With a utility network, you can model features to a high degree of realism with terminals on devices and junction objects. Features in the field have defined locations or ports from which resources, such as electricity and water, flow in and out. A utility network allows you to optionally model these ports with terminals.
For example, an electric distribution transformer (shown above) has five ports, two on the high side named H1 and H2 and three on the low side named x1, x2, and x3. You can model this transformer in one of two ways: with a simple two-terminal configuration or a detailed five-terminal configuration. The five-terminal configuration corresponds more closely to the ports on the physical transformer and is preferable if you want to achieve a high-fidelity representation.
To learn more about terminals, see Terminal management.
Connection points with terminals
A key use of terminals is to define the origin of a subnetwork. For example, in an electrical system, a subnetwork typically begins at the load side of a breaker in a substation. Some external analysis software, such as electric voltage drop analysis, relies on a complete definition of devices that includes terminal definitions.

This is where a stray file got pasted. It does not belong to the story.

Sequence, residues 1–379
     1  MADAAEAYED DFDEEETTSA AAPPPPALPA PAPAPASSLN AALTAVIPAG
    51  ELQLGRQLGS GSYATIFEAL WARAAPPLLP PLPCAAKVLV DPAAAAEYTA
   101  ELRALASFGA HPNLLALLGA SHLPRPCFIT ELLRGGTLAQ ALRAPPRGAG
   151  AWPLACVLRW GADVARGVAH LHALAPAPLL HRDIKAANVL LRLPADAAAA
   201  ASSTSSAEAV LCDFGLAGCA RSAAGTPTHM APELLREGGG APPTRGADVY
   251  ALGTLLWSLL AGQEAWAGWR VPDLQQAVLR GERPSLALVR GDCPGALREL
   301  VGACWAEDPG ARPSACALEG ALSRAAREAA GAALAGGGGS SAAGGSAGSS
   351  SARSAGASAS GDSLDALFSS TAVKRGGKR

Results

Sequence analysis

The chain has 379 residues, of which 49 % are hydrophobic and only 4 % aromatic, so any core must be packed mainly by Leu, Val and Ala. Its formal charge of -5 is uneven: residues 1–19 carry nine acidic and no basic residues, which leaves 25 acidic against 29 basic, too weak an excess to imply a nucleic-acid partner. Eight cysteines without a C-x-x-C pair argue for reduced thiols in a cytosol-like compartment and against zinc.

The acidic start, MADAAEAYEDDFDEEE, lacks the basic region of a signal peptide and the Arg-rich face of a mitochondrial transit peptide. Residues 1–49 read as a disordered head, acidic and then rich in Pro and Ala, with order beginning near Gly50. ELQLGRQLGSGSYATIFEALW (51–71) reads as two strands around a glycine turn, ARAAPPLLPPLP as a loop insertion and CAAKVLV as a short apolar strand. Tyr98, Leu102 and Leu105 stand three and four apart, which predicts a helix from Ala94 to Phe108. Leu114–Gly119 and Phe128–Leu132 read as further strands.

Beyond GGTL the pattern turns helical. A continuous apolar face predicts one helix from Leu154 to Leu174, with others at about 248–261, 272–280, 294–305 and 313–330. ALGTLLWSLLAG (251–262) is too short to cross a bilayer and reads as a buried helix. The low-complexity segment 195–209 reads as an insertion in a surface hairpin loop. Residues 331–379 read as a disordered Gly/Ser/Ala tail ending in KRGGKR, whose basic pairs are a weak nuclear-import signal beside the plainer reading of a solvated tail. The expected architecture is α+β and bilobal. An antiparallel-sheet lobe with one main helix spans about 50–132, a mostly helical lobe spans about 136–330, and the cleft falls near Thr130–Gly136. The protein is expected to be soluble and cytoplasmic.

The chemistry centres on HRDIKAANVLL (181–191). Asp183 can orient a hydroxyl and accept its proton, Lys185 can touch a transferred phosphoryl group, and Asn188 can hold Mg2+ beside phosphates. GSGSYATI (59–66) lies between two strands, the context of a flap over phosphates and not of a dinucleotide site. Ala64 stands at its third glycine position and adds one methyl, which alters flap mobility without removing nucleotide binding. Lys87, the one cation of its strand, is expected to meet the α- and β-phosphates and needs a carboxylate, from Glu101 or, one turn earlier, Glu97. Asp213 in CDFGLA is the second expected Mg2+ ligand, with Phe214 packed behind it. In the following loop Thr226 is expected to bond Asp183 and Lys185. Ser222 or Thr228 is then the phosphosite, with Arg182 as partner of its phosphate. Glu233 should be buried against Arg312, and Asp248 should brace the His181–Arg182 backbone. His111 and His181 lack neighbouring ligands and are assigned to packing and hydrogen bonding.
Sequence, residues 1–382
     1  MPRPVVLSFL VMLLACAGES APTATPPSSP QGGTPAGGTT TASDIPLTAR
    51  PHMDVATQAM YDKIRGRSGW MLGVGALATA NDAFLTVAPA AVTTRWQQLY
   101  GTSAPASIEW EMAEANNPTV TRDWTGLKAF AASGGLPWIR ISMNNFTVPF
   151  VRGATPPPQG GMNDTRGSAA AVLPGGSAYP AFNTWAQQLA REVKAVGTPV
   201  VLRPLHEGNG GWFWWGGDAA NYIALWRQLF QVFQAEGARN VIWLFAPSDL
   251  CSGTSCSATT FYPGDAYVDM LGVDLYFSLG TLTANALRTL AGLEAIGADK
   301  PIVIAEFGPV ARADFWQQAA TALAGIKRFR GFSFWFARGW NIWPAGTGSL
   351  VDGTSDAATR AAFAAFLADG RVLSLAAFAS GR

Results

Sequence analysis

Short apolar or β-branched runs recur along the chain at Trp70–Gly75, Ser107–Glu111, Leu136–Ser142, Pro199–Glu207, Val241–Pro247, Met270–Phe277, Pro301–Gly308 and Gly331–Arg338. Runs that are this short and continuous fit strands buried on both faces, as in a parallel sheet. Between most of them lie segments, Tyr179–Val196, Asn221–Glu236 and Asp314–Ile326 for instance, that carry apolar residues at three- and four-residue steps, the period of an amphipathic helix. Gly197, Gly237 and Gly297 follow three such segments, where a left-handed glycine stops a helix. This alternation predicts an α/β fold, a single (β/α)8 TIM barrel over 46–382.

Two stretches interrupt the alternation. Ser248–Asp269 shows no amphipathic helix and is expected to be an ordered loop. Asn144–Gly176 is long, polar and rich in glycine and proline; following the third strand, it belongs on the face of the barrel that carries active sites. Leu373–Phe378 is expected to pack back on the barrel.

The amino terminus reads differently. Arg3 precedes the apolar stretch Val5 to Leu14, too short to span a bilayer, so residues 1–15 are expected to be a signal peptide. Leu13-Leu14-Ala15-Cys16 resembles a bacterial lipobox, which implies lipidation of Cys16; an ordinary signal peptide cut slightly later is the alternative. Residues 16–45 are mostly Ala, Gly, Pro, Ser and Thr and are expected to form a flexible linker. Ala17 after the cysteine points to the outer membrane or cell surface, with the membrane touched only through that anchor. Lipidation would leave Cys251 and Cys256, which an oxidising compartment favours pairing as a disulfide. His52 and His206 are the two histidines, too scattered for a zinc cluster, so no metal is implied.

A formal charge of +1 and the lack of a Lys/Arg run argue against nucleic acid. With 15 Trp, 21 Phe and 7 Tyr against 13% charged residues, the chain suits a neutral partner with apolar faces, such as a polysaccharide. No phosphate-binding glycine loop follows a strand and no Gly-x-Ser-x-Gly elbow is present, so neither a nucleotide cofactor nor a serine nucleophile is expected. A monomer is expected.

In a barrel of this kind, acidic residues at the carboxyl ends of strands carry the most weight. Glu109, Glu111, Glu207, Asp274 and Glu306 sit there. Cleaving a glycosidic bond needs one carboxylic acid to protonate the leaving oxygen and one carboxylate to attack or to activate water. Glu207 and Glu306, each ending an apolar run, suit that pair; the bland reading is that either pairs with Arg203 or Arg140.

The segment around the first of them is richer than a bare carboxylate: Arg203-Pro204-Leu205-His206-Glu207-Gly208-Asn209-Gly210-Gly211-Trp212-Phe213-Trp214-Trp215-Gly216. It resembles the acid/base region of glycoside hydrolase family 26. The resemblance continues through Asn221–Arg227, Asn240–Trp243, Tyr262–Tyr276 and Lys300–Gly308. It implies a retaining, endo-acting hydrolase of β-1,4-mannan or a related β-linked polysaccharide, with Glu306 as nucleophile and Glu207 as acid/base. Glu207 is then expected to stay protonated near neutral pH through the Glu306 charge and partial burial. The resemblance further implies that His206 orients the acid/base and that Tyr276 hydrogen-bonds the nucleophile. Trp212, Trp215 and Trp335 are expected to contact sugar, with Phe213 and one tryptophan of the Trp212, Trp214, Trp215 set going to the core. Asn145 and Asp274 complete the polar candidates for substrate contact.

Not all features require the definition of terminals. If a feature has two terminals that are equal and interchangeable, such as the two sides of a switch or valve, you do not need to define terminals.
The situations where you should define terminals are as follows:
- Features that will serve as a subnetwork controller
- Features with three or more physical ports that you need to model
- Features with two ports that are distinctly different, such as a high-side and low-side port on a transformer device
- Features with connection points that only allow flow in one direction, such as check valves in a water system or network protectors in an electric system
Terminals are not features and do not appear on the map. They exist as logical connection locations on a device or junction object that allow you to control how other features can connect, and the valid paths through which a network commodity can travel. Certain network rule types can be defined at the terminal level.
When you connect features with terminals to the endpoints of lines, edge objects, junctions, and other devices or junction objects (with or without terminals), you specify which terminal connects which feature.
For example, in an electric system, you connect the high-side terminal of a distribution transformer to a line with medium voltage, and the low-side terminal to a line with low voltage. This behavior is enforced using network rules.
Terminals are configured on a feature by assigning a terminal configuration. A terminal configuration is added to a utility network and assigned to specific asset groups and asset types in the Device feature class or JunctionObject table.
A terminal configuration has a directionality setting that dictates which way a resource flows through it. It has a set number of terminals, each with a name. Terminal configurations with three or more terminals have valid paths defined to constrain how the resources flow through the paths between pairs of terminals. To learn more, see Terminal management.